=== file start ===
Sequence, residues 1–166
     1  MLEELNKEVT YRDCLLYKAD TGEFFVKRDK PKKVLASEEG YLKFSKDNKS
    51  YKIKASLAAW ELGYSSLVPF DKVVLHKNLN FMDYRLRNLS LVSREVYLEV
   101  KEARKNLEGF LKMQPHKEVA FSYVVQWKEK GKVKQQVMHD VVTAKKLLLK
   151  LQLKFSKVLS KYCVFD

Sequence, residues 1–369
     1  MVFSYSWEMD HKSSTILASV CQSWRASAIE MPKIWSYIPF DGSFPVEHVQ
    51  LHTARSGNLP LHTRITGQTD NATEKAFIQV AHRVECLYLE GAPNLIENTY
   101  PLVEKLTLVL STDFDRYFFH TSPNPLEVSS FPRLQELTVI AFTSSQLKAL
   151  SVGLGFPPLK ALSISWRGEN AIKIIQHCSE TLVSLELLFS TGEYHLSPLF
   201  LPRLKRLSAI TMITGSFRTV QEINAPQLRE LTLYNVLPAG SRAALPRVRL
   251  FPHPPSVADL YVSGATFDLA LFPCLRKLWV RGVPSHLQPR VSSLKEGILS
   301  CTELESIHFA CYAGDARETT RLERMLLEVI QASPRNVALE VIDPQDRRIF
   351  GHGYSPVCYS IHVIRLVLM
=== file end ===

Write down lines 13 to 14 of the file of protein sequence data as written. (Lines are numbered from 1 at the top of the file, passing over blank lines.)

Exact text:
   301  CTELESIHFA CYAGDARETT RLERMLLEVI QASPRNVALE VIDPQDRRIF
   351  GHGYSPVCYS IHVIRLVLM